I've had a lot of people say that in job ads, you should at the very bottom, you put some type of qualifier in there like don't submit your resume if you're interested. Please do X or something like that to read people out that are just frickin just applying to anything and everything. What are your thoughts on that?

Ryan Englin
Yeah, I agree with that. So the job boards, if you remember the job boards were created to provide a quantity of applications to employers, not necessarily a quality, yes. And so their focus is on quantity. Well, the only way you can really get quantity is by making it easy on the job seeker. So there are job boards out there where a job seeker can say, hey, there's twenty five jobs that look good. Check them all and say apply. And I've seen it so many times where that the employer will call the job seeker and the job seekers like who are you again?

Ryan Englin
So those Easter eggs, that's what I call them. Those are Easter eggs. I love Easter eggs. Especially, if you don't have a system, a software platform to help you manage your recruiting, which I do recommend, everybody gets. But if you don't have one, Easter eggs are great. And sometimes I'll see people say things like when you email us, put this in the subject line. And they and I actually don't recommend you do it at the bottom. I recommend you do it just in the middle of a paragraph somewhere.

Tim Fitzpatrick
So you're really burying it.

Ryan Englin
Yeah. Bury people. One of my favorite ones to do, because this is just especially in the trades, this is just so out of left field. But somewhere in the middle of the job will say, by the way, when you send us this. Put the name of your favorite Disney princess in the subject line. I'm just so out of left field, like if someone actually does it, you know, they read the job ad.

Tim Fitzpatrick
Yes. I love it.

Ryan Englin
So so that is one way. If you use the software that I recommend, which is an applicant tracking system, is very similar to a CRM. What those systems allow you to do is create what I call knock out questions. And so these are questions that the job seeker is required to answer and then the system will actually decide automatically whether or not you should see that resume. One of the most recent clients we worked with, they required their techs to crawl through crawlspaces, so they're back Slotter crawlspaces in the homes.

Ryan Englin
Well, there's a cluster phobia thing. There's fears around that. There's all sorts of things. So they actually ask the question, are you OK? Crawling through crawlspaces the majority of the day. And if people say no, the system can automatically reject that applicant. So as a small business owner, you have to deal with that. Yeah, because that's one of the other challenges is they come in on Monday morning and they've got one hundred new applications and they're like, oh, maybe there's someone good in here. I'm going to find the time to go through them all.

Tim Fitzpatrick
So you really want your process or your system needs to have some way of filtering all the applicants so that you're really spending time on are the highest quality applicants?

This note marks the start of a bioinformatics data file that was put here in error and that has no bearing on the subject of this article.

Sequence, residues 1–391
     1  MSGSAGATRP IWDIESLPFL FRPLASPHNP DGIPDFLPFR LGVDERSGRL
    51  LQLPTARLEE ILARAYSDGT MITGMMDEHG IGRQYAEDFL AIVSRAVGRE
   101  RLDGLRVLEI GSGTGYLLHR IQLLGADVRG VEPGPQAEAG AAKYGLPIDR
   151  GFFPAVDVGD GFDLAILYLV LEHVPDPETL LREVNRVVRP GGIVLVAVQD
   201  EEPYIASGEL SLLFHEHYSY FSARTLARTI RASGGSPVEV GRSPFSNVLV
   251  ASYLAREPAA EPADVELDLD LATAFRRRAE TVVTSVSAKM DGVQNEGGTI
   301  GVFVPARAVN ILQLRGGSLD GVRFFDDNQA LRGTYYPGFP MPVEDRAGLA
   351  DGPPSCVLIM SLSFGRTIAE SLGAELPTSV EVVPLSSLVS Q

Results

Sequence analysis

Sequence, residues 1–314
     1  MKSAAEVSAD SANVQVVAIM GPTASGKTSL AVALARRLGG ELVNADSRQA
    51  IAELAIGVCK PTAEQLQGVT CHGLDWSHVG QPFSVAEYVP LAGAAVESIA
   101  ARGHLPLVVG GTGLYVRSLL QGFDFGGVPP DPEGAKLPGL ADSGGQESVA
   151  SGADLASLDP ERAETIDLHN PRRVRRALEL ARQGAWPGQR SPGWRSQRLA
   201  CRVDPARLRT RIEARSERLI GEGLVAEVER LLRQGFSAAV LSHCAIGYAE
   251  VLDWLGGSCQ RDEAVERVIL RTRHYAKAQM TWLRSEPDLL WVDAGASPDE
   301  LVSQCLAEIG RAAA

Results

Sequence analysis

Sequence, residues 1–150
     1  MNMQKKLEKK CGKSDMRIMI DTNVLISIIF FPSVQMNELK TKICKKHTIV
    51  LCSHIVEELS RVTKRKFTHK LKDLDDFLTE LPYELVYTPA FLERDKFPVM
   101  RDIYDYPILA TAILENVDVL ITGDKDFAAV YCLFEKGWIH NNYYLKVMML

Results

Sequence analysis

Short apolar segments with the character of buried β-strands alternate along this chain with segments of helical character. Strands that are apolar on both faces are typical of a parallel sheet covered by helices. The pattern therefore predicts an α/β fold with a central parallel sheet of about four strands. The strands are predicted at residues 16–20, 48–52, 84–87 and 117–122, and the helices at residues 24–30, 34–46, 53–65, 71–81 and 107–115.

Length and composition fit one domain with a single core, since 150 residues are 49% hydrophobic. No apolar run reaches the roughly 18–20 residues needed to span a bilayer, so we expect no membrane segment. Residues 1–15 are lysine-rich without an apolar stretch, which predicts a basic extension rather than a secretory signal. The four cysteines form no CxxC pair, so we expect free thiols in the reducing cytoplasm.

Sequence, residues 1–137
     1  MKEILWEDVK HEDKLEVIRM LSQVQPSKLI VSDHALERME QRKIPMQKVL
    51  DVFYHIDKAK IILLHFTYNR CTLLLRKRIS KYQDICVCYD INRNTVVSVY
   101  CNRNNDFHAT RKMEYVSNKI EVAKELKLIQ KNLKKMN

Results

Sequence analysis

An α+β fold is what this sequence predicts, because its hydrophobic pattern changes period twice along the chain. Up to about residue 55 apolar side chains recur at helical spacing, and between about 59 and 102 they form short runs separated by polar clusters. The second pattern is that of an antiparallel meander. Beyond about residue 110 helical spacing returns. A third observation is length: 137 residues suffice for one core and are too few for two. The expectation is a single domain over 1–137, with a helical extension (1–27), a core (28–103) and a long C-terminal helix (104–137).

Ryan Englin
Absolutely. Absolutely. And that's where those Easter eggs come in. So you don't have the software. The Easter eggs will help you filter because you can even set up rules in Outlook or Gmail that say when this subject line comes in here, you should move it. And people get creative with that stuff, like don't overthink it too much. The one thing that I tell people, especially when they're looking for front line employees, is remember that these people aren't creative writers.

Ryan Englin
You know, they're not used to following really detailed instructions and working well on a computer. That's what they do for a living. You know, if you're looking for a copywriter. Yeah. You can like, hey, I you're going to be writing. I want to see some cool stories. Yeah. But if you're looking for a craft worker who or a welder or something like that, you can't set the expectation in such that you're setting them up to fail.

Ryan Englin
You've got to make it simple for them. I've seen some crazy ones that are like your first paragraph needs to have three sentences. Your second paragraph has seven sentences and it's like uh, I wouldn't even want to filter that. Yeah. So just easy one liners will help a lot with.

Tim Fitzpatrick
OK, I love it. So we talked about why it's so hard to find good employees, talked about how to attract some of the right employees. How do we find the right person and make sure that the person we're interviewing is going to work out?

Ryan Englin
Sure. So if you think about customers. I'll just start with a customer example. We've all had a customer that we're like, oh my gosh, why did I take them on as a customer? Yeah, and a lot of times if you really diagnose the issue, especially if you're starting to see a pattern of taking on a lot of customers, what we find is that the problem isn't the customer or the problem isn't the employee or the problem is unmet expectations.

Ryan Englin
Either their expectations were set by a previous relationship or something, or you're saying something in your marketing or sales process that setting expectations that you can't live up to. And so what we found is about nine times out of ten when we're banging our four head, three weeks after the person started going, what the heck happened?

Ryan Englin
Because expectations weren't that. Now, if it happens within the first 90 days, I always point back to it's a hiring issue. We made a bad hiring decision. If we're finding that we have low quality employees after they've been with us for 90 days, it's a culture or leadership issue. So two different problems I'm going to focus on the easier one to solve, which is the 90 day issue. Yeah, we're making a bad hiring decision and if expectations aren't being met, we need to be really clear on what expectations we have going in and what expectations they have going in.